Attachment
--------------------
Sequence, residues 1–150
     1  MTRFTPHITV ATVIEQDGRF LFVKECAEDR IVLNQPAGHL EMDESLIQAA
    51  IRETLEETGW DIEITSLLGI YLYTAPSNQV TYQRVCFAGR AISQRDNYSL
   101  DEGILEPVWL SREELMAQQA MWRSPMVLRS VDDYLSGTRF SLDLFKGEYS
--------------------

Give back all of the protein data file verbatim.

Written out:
Sequence, residues 1–150
     1  MTRFTPHITV ATVIEQDGRF LFVKECAEDR IVLNQPAGHL EMDESLIQAA
    51  IRETLEETGW DIEITSLLGI YLYTAPSNQV TYQRVCFAGR AISQRDNYSL
   101  DEGILEPVWL SREELMAQQA MWRSPMVLRS VDDYLSGTRF SLDLFKGEYS